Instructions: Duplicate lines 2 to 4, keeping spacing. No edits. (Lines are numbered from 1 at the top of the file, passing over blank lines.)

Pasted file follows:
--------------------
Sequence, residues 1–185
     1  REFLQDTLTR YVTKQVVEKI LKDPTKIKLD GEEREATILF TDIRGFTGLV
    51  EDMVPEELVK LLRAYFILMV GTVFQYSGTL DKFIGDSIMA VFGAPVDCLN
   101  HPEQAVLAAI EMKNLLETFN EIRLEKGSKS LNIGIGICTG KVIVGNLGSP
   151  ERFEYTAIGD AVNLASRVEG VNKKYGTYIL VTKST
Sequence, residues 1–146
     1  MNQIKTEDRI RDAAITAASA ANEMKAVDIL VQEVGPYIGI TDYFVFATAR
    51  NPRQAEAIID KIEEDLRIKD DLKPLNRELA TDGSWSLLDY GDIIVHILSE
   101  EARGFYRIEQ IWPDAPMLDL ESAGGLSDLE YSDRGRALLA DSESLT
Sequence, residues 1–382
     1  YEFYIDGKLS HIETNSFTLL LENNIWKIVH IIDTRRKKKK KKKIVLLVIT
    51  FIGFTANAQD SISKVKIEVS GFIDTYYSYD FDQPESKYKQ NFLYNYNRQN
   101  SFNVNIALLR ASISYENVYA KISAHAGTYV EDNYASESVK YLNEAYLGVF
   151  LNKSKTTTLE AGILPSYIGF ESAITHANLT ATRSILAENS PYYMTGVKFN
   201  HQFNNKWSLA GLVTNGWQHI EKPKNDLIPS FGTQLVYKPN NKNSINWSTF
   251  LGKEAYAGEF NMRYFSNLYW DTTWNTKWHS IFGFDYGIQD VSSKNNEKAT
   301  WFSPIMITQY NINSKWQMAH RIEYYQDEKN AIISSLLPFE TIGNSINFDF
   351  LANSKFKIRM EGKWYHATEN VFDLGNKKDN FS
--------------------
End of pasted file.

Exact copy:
     1  REFLQDTLTR YVTKQVVEKI LKDPTKIKLD GEEREATILF TDIRGFTGLV
    51  EDMVPEELVK LLRAYFILMV GTVFQYSGTL DKFIGDSIMA VFGAPVDCLN
   101  HPEQAVLAAI EMKNLLETFN EIRLEKGSKS LNIGIGICTG KVIVGNLGSP